Narwhals are rare and only occasionally spotted in Greenland. Males can be easily identified by a 2-3-meter-long twisted tusk protruding from their heads, giving them the nickname ‘unicorns of the sea’. Females do not have a tusk. Chances to see them in Greenland are limited to the northwest and east coasts.
With an estimated lifespan of 500 years, the Greenland shark is the oldest vertebrate in the world. It reaches a body length of 4-8 meters and can weigh up to 2.5 tons, even larger than a Great White shark. Compared to other sharks, the Greenland shark is slow-moving and tends to live in greater depths, making it a less frequently spotted species.
The Arctic char is a member of the trout family and can be found throughout the Arctic region. Like few other fish, it spends most of its life in the ocean and only returns to freshwater to spawn. That’s why they can also be spotted in rivers in Greenland between July and September.
Of course, Greenland is home to many more species such as hooded seals, rock ptarmigans, northern fulmars or black guillemots. For a more extensive list see our Guide to Animals in Greenland.
Arctic Wildlife in Canada
The Canadian High Arctic is one of the most remote regions on the planet. Baffin Island, for example, is an excellent place to explore seemingly endless, untouched nature and spot an abundance of wildlife, especially during the brighter and warmer summer months. Wildlife you might encounter here includes:
The Canadian Arctic is a prime location to see polar bears in the wild, especially along the shores of the fjords on Baffin Island. Other polar bear hotspots include Churchill, Manitoba, and areas along the Northwest Passage.
Also known as the Greenlandic Seal, these creatures will dive as deep as 500 meters to catch food. Although they’re commonly seen in the waters around Greenland, there’s a good chance to see them in the Canadian High Arctic as well.
The Arctic wolf, also known as the white or polar wolf, is a subspecies of the common grey wolf and is native to the Canadian High Arctic. It can be spotted in places such as Churchill and the Nunavut Archipelago, including Baffin and Ellesmere Islands.
The Canadian High Arctic is home to the Arctic fox. As with many other animals in polar regions, they grow white fur for the snowy winter season and switch to a brown color once summer returns. The best places to spot Arctic foxes include Churchill and Manitoba.
The Gyrfalcon is the largest of the falcon family that breeds on the Arctic coasts and tundra. It can be found in locations such as Baffin and Ellesmere Islands.
Arctic Wildlife in Russia
Another excellent place to explore polar wilderness and Arctic wildlife is the Russian Arctic. It features remote, untamed, and rarely visited places such as Franz Josef Land or Wrangel Island. During an expedition here, you have the chance to spot:
The Russian Arctic is a prime location for whale watching. You may even be lucky enough to spot a rare bowhead whale swimming along the sea ice edge around Franz Josef Land.
The uninhabited archipelago of Franz Josef Land and Wrangel Island are considered some of the best places to spot walruses. In fact, Wrangel Island is home to the world’s largest population of Pacific walrus.
Located deep in the Arctic between Russia and Alaska, Wrangel Island offers a haven for wildlife and a gateway to the pack ice, making it a perfect place for polar bears to breed. Wrangel Island, in fact, is a polar bear denning site, enhancing the chances to spot not only large numbers of them but also cubs.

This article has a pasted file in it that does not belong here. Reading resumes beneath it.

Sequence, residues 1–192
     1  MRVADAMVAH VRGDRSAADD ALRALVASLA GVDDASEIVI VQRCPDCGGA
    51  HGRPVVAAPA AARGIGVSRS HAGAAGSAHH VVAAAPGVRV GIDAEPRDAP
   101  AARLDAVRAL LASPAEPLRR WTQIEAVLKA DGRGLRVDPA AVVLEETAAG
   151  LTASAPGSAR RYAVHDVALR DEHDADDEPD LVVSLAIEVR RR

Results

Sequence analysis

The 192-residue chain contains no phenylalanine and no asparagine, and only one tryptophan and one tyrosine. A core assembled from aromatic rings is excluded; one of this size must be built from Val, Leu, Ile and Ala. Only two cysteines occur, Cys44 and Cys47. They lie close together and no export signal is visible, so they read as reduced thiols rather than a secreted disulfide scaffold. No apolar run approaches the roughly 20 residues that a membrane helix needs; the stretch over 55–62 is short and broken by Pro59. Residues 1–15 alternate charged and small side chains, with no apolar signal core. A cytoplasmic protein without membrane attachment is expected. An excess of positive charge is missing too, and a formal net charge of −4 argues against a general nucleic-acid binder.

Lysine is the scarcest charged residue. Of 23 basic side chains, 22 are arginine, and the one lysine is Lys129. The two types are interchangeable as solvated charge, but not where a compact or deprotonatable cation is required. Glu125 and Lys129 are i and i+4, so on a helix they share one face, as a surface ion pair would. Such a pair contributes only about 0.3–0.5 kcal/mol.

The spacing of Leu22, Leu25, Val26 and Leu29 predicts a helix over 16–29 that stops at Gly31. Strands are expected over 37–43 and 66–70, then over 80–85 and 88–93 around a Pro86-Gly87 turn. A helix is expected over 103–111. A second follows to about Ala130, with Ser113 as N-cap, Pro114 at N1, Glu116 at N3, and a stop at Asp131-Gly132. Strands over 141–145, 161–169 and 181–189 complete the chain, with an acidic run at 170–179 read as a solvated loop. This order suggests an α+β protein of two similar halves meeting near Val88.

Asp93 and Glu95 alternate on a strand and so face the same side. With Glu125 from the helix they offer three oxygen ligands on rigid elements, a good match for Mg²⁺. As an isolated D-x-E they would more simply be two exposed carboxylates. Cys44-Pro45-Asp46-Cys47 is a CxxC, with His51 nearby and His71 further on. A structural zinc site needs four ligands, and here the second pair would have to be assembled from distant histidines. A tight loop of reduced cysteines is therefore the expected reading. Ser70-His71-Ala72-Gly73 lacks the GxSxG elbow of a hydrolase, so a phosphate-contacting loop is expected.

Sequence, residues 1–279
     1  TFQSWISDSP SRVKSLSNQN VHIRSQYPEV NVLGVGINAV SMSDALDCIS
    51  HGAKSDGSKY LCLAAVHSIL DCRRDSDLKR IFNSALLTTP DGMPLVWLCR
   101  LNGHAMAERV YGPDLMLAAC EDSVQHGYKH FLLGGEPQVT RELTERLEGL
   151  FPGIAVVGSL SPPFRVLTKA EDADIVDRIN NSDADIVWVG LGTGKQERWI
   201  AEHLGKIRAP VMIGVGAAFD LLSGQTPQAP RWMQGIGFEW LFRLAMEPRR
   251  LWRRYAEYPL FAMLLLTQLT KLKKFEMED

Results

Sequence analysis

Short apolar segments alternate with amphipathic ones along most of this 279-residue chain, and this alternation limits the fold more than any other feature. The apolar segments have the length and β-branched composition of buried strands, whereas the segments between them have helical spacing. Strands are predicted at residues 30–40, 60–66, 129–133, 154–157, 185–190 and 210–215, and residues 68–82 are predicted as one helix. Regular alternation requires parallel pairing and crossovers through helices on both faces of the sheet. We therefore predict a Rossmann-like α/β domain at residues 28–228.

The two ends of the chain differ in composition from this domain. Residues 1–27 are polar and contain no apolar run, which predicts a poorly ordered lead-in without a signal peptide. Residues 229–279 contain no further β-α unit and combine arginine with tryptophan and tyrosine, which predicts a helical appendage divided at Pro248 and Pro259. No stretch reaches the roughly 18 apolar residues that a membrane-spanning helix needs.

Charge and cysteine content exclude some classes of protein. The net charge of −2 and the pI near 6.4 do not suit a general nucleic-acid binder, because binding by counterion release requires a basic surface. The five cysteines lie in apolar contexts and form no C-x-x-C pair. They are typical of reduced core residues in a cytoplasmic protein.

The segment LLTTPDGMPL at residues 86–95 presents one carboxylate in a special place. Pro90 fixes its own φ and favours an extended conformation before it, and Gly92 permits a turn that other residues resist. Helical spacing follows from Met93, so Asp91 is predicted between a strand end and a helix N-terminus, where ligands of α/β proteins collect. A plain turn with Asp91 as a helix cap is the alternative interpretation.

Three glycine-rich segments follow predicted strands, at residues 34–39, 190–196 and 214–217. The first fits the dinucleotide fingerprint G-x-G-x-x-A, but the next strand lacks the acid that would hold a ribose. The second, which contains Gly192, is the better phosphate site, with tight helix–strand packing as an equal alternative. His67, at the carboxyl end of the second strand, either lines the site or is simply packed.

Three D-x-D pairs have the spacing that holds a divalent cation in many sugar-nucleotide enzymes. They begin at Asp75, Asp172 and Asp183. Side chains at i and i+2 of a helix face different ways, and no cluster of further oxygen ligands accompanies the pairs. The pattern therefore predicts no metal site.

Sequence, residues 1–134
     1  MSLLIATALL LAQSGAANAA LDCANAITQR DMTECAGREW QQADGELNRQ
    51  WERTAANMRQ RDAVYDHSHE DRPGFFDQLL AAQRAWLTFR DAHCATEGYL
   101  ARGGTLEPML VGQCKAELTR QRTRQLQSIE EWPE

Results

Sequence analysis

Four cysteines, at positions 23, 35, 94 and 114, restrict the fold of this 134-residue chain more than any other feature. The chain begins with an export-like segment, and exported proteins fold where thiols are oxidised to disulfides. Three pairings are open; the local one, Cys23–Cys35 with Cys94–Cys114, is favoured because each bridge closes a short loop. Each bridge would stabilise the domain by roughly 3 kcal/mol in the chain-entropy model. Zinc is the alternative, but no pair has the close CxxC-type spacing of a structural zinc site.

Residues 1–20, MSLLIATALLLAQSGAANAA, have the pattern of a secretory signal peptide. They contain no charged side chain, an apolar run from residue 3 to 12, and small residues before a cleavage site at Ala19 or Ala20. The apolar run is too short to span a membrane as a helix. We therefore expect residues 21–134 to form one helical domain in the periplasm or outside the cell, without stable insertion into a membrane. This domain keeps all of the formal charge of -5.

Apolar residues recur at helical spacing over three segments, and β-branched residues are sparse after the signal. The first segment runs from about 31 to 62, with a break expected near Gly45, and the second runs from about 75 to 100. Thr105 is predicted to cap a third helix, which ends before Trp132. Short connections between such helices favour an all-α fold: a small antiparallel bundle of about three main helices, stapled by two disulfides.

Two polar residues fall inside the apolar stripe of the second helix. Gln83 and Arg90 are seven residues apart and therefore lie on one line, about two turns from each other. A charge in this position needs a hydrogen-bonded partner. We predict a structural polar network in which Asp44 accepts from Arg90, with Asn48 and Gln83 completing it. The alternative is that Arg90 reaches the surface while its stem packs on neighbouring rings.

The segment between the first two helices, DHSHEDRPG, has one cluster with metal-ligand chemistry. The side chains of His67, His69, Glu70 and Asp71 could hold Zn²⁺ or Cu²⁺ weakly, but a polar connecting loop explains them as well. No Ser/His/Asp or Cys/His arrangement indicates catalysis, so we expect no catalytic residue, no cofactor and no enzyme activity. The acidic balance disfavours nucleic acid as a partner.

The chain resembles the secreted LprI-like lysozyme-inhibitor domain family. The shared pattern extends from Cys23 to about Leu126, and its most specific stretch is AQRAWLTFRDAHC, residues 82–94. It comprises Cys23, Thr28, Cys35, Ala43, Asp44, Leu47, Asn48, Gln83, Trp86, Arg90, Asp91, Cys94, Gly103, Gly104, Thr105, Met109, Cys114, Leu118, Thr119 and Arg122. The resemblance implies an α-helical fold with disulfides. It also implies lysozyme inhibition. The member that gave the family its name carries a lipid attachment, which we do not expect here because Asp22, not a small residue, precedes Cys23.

Where is the Best Place to Spot Polar Bears in the Arctic?
Svalbard is one of the best places in the world to spot polar bears. The vast majority of polar bear sightings on the archipelago occur away from human settlements like Longyearbyen or Barentsburg. They can be seen throughout all parts of Svalbard, but are more commonly spotted on the islands east of Spitsbergen. Of course, there is never a guarantee for an encounter with any animal. However, given that Svalbard is home to approximately 3000 polar bears, there’s a reasonably high chance to see one if you go on an Expedition here. To find out more about where polar bears are found, see our Polar Bear Viewing Guide.
Expedition Cruises to See Arctic Wildlife
As mentioned, the best way to visit the Arctic and spot an abundance of wildlife is by joining a Expedition Micro Cruise. With only 12 guests onboard, you have the opportunity to explore the polar wilderness in an intimate, authentic, and especially sustainable way. Secret Atlas offers such voyages during the summer season, ranging from 8 to 14 days. These are our Expedition Micro Cruises to Svalbard:
The Natural Wonders of Svalbard Micro Cruise
Explore Svalbard with 24 hours of daylight on an 8-11 day cruise where you’ll witness stunning scenery, calving glaciers, and an abundance of wildlife. For more info see here.
Svalbard Pioneer Micro Cruise
Join an epic adventure on an in-depth, 14-day circumnavigation cruise as the sea ice opens up in the summer season, with daily shore landings and plenty of wildlife-watching opportunities. For more info see here.
Natural Wonders of Svalbard Photo Tour
Join us as Svalbard emerges from the long winter and take photos with the help of our expert guide with 24-hour daylight on our side. Whether you’re an amateur nature photographer or just looking for your next adventure, this 9-day tour is the photo holiday of a lifetime. For more info see here.
To find out more about visiting Svalbard and its incredible wildlife, see here.